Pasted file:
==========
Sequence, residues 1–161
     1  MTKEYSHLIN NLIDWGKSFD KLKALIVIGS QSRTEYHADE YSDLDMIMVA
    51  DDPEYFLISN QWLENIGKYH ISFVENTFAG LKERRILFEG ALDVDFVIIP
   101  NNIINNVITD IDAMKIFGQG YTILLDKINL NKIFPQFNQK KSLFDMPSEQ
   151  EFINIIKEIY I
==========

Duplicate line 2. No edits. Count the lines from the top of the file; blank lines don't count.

     1  MTKEYSHLIN NLIDWGKSFD KLKALIVIGS QSRTEYHADE YSDLDMIMVA